Barramundi Lates calcarifer


The barramundi is one of Australia’s most popular foodfishes. It is well known overseas and graces tables of top restaurants around the world.

Barramundi yield attractive, boned-out fillets that can be served whole or as cutlets. The large flakes provide good-sized portions and the firm texture makes it a versatile finfish to work with.

Edible parts include wings, frames, cheeks and rib offcuts. Wings are reasonably priced and are very flavoursome. The frames and heads can be used to flavour fish stock.

Barramundi can be fried, grilled, barbecued, baked, char-grilled or steamed. For excellent results, barbecue and then serve with a dressing of lemon and dill butter sauce, or add to an Asian-style stir-fry.

For a distinctly Australian experience, wrap whole barramundi stuffed with lemon aspen or muntharies in paperbark leaves, then bake. This can be served with lemon myrtle butter and roasted macadamias. The Aborigines traditionally wrap barra-mundi in the leaves of the wild ginger plant and bake it in hot ashes.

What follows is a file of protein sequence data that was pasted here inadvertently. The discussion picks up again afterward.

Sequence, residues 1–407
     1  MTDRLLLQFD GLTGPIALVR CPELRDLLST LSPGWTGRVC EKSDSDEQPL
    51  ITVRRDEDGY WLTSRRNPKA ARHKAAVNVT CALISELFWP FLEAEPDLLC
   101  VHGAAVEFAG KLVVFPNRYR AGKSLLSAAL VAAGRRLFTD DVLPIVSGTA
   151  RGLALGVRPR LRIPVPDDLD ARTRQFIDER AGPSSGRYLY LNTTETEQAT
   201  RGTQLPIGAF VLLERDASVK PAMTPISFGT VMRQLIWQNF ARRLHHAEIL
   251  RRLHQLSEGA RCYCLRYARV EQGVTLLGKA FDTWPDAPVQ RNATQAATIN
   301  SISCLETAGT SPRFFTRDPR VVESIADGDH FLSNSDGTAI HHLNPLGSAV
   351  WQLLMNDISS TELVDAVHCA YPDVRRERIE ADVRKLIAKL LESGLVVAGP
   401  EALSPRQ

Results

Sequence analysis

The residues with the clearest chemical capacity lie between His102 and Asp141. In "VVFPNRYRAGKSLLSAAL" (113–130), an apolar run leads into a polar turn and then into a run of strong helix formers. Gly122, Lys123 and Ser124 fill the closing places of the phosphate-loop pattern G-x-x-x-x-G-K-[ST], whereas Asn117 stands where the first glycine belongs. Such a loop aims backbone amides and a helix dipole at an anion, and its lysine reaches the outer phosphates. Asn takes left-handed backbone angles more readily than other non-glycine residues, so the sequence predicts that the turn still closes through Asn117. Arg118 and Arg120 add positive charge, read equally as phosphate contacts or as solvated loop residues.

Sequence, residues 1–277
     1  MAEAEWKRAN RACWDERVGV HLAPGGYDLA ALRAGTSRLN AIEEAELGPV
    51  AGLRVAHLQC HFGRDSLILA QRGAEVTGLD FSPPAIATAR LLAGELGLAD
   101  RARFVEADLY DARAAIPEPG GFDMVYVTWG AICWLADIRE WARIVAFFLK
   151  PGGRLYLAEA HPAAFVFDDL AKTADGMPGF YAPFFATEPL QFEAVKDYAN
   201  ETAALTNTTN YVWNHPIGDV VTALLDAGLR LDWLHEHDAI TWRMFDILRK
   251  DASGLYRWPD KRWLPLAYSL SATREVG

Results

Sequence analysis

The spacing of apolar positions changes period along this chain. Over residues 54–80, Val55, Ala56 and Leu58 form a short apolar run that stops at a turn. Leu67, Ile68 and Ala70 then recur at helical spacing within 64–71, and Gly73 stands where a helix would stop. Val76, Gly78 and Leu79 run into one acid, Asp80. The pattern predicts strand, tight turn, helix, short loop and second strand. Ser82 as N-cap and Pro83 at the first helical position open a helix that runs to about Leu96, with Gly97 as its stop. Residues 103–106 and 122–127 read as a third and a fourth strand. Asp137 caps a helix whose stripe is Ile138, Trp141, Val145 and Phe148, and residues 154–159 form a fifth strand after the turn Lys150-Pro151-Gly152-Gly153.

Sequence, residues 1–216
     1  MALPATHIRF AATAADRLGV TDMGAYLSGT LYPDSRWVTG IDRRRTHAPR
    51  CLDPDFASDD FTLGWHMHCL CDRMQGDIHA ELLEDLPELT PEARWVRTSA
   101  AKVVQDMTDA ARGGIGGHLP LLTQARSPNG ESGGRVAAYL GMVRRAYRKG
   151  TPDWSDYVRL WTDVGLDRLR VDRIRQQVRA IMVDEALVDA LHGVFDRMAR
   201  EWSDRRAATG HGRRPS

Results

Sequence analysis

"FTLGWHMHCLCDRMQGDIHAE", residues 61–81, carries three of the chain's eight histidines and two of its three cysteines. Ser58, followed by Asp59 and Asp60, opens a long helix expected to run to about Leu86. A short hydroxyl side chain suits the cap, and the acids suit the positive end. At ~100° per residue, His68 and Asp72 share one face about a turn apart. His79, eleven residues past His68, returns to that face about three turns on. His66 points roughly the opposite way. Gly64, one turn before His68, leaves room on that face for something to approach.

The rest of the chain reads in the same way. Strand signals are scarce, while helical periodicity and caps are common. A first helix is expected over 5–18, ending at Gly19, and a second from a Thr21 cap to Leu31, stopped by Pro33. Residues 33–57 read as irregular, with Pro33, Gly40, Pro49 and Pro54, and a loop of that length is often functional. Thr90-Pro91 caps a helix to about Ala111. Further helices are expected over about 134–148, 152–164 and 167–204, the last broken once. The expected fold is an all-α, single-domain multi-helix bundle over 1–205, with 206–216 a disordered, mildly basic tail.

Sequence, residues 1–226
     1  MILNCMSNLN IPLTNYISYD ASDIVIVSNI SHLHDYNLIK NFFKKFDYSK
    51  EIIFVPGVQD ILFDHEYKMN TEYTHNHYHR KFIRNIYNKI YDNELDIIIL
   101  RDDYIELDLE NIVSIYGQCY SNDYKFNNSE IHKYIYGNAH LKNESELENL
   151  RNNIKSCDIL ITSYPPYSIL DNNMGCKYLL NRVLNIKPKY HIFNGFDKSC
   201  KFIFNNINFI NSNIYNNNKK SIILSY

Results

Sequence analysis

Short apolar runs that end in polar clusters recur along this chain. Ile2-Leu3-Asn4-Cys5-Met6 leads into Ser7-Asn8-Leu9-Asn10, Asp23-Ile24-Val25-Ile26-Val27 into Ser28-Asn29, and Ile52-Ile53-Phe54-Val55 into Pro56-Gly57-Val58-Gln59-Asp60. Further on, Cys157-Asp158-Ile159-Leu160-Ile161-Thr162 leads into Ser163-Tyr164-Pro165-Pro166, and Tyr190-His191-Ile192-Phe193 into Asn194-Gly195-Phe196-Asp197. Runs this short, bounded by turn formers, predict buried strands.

John Guy, from the Three Shells Restaurant in Coolum, drizzles a dressing of extra virgin olive oil and lemon myrtle leaves over crispy-skinned farmed barramundi and serves this whole on salad greens garnished with bunya nuts




Small barramundi have a lighter flavour than larger fish.

Low to medium

Varies with season



This large flaked finfish has a subtle flavour, particularly when small. Select medium bodied, cool climate, crisp, dry white wines. Generally avoid warm climate Rieslings and Sauvignon Blanc.

Nutrition Information (average quantity per 100g)



Fat (total) 0.9 g
Alpha‐linolenic acid 57 mg
Protein n/a
Saturated fat 43% of total fat
Docosahexaenoic acid 50 mg
Cholesterol 45 mg
Monounsaturated fat 32% of total fat
Eicosapentaenoic acid 11 mg
Sodium n/a
Polyunsaturated fat 26% of total fat